In this issue of Blood, Karschnia et al spotlight the “Achilles heel” of chimeric antigen receptor (CAR) T-cell therapy and call for prospective clinical trials to evaluate strategies to manage and potentially prevent CAR T cell–induced neurotoxicity (NT).1
Although the emergence of CAR T-cell therapy has dramatically improved response rates for patients with relapsed or refractory B-cell hematologic malignancies, its utility is hampered by the potential for significant side effects, including severe NT, which as reported by Karschnia et al is a negative prognostic factor for overall survival. Corticosteroids are currently the recommended treatment of NT, but prolonged exposure of >10 days in patients with severe NT may negatively influence overall survival. The potential impact of NT on overall survival is a significant finding as >50% of CAR T cell–treated patients with NT in this study had developed severe NT. In addition, NT is associated with cytokine release syndrome (CRS), and the anti–interleukin-6 (IL-6) receptor antagonist, tocilizumab (Actemra), currently the only Food and Drug Administration (FDA)-approved therapy for the treatment of severe CRS, has been shown to increase both the overall rate of NT and the rate of severe NT when used prophylactically.2 Moreover, the majority of patients treated with CAR T cell are treated as in-patients, and admission to the intensive care unit (ICU) for the management of these toxicities is often required, creating an added health economic burden and less favorable reimbursement for hospitals and institutions, which inevitably results in restricted access. Analyses of health resource utilization point to length of hospitalization and length of stay in the ICU as the primary drivers of non-drug–related costs for CAR T cell–treated patients, which are projected to be at least twice as high for those who develop these severe toxicities.3,4 Strategies to improve the safety profile of CAR T-cell therapy without negatively impacting efficacy are needed to improve its benefit-to-risk profile and cost-effectiveness and to enable CAR T-cell therapy to move beyond use solely in relapsed/refractory patients to earlier lines of therapy.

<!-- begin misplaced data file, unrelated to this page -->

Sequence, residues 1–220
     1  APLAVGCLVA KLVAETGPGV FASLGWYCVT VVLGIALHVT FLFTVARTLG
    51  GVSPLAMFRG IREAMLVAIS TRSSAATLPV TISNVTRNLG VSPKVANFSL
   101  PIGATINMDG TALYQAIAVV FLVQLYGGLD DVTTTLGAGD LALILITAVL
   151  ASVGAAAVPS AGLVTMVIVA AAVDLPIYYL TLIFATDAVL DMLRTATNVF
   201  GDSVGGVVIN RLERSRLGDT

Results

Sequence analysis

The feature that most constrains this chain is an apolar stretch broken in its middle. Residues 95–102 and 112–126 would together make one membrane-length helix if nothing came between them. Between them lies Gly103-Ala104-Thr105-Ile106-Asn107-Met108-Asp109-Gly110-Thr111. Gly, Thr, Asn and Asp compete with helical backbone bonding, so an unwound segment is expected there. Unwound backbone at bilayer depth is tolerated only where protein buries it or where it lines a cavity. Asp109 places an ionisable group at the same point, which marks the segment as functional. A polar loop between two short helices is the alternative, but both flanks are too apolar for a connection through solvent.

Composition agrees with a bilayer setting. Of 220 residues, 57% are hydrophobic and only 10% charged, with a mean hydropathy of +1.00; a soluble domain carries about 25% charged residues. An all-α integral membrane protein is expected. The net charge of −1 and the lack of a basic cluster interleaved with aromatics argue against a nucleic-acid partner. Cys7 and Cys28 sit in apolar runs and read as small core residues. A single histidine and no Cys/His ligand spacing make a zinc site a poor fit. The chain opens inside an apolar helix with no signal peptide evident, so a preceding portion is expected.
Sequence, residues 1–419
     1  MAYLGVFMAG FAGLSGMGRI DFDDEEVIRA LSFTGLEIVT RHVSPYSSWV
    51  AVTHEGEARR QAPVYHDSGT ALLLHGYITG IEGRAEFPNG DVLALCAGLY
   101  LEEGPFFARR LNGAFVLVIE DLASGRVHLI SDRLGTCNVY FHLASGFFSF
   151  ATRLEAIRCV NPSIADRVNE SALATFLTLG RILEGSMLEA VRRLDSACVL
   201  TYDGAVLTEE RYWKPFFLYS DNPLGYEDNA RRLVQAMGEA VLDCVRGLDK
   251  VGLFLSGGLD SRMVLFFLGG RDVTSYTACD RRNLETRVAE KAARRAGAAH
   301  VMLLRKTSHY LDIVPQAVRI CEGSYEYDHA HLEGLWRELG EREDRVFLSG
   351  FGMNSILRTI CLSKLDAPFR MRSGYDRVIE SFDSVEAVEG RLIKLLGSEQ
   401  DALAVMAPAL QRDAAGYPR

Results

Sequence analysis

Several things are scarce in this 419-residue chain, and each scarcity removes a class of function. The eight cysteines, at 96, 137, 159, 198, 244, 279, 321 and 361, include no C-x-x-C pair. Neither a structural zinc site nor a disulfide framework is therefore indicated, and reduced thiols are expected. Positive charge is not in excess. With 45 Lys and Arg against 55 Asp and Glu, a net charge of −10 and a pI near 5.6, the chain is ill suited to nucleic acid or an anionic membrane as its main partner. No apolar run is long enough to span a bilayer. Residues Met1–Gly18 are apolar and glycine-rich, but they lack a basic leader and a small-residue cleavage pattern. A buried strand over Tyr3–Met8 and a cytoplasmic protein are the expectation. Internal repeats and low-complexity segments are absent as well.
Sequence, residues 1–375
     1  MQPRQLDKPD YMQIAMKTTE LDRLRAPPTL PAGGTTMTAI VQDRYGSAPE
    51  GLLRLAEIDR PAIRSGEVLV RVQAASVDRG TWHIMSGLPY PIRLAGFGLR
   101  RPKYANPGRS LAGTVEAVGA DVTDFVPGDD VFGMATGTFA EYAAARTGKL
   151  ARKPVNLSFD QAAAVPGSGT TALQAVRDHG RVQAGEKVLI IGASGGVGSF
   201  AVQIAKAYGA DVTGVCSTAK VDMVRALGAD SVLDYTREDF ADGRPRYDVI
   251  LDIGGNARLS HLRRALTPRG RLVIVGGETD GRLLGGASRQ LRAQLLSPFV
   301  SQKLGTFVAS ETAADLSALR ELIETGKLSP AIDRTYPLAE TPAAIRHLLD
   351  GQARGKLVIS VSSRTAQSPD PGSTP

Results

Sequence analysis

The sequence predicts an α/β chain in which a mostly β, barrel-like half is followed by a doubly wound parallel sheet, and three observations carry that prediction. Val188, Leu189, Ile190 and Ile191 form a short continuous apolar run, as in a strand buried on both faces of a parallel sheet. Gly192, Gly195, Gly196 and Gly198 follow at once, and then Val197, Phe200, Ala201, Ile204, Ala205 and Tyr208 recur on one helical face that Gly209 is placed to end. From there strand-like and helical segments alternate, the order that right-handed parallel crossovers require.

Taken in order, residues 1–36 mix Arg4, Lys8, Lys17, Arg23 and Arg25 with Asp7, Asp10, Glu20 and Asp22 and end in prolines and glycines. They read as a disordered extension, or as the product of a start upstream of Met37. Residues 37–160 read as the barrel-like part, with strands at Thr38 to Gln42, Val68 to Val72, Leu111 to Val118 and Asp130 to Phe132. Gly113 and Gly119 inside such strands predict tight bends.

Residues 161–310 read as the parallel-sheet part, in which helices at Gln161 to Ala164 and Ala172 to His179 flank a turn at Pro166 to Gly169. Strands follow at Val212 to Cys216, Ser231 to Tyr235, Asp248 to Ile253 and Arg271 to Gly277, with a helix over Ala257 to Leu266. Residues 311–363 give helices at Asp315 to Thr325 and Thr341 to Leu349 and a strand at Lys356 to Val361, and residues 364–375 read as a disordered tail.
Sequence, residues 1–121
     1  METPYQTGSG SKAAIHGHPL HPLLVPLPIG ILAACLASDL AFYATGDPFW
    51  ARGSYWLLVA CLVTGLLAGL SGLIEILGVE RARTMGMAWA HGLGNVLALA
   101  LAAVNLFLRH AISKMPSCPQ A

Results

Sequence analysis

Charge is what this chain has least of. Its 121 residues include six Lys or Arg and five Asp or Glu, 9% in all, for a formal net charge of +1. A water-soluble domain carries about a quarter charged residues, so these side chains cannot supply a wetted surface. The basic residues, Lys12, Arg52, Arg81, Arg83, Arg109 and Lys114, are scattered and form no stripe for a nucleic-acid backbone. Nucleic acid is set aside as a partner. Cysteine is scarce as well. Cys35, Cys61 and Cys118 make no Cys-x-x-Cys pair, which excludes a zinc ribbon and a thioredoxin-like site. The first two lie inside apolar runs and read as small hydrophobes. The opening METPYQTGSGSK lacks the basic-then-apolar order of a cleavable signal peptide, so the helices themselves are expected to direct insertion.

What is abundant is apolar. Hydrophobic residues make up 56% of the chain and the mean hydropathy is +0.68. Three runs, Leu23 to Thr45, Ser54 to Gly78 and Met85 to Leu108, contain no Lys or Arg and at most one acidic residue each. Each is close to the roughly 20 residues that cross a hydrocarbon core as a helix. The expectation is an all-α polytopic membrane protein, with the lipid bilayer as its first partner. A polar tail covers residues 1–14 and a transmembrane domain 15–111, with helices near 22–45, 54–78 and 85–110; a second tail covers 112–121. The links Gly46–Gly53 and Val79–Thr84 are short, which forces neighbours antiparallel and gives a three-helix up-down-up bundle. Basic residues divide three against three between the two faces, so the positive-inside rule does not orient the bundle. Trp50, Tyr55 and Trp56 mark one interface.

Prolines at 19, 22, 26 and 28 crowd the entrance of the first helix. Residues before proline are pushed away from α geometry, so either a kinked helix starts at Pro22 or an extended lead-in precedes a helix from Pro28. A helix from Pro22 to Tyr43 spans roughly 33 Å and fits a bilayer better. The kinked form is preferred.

There are no FDA-approved therapies available for the prevention, nor for the treatment, of NT. Much has been learned regarding the possible mechanisms and pathophysiology of CAR T cell–induced NT, including the role of myeloid cells, endothelial cells, and proinflammatory cytokines. In addition to ferritin, a biomarker that has been shown by Karschnia et al and others to correlate with severe NT, an analysis by Rossi et al evaluating axicabtagene ciloleucel (axi-cel, Yescarta), the first CAR T cell therapy approved for the treatment of relapsed/refractory diffuse large B-cell lymphoma, showed that levels of IL-15 and granulocyte-macrophage colony-stimulating factor (GM-CSF) are elevated 1 day following CAR T-cell administration, and the early elevation of these cytokines are correlated with severe NT.5 No other proinflammatory cytokines were directly or indirectly associated with severe NT. It is proposed that upon contact with the tumor, CAR T cells produce GM-CSF,6 which serves as a communication conduit between the specific immune response of the CAR T cells and the off-target inflammatory cascade produced by myeloid lineage cells, causing myeloid cells to expand and promote the production of other proinflammatory chemokines and cytokines, including monocyte chemoattractant protein-1 (MCP-1), IL-1, and IL-6, among others (see figure). Fever and elevated levels of MCP-1 36 hours after CAR T-cell administration have been demonstrated to be the best predictors of severe NT and CRS with high levels of specificity and sensitivity.7 Moreover, IL-6 is only released by the antigen-presenting cells, or tumor cells, in a contact-independent manner, which helps explain why the prophylactic administration of tocilizumab is not effective in reducing the overall incidence of CRS or NT, as this cytokine is downstream in the inflammatory cascade.2,6 Once initiated, this inflammatory cascade can become a self-perpetuating “storm,” resulting in further expansion and trafficking of myeloid cells to the tumor bed, abnormally high levels of inflammatory cytokines, endothelial activation, vascular permeability, and ultimately, CRS and NT.